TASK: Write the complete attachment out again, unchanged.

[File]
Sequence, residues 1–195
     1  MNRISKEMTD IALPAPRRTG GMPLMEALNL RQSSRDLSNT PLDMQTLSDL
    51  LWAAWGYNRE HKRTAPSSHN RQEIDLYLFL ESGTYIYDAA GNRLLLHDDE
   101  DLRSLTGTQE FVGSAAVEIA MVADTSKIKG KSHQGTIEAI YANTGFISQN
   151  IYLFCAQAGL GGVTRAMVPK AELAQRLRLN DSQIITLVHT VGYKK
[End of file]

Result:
Sequence, residues 1–195
     1  MNRISKEMTD IALPAPRRTG GMPLMEALNL RQSSRDLSNT PLDMQTLSDL
    51  LWAAWGYNRE HKRTAPSSHN RQEIDLYLFL ESGTYIYDAA GNRLLLHDDE
   101  DLRSLTGTQE FVGSAAVEIA MVADTSKIKG KSHQGTIEAI YANTGFISQN
   151  IYLFCAQAGL GGVTRAMVPK AELAQRLRLN DSQIITLVHT VGYKK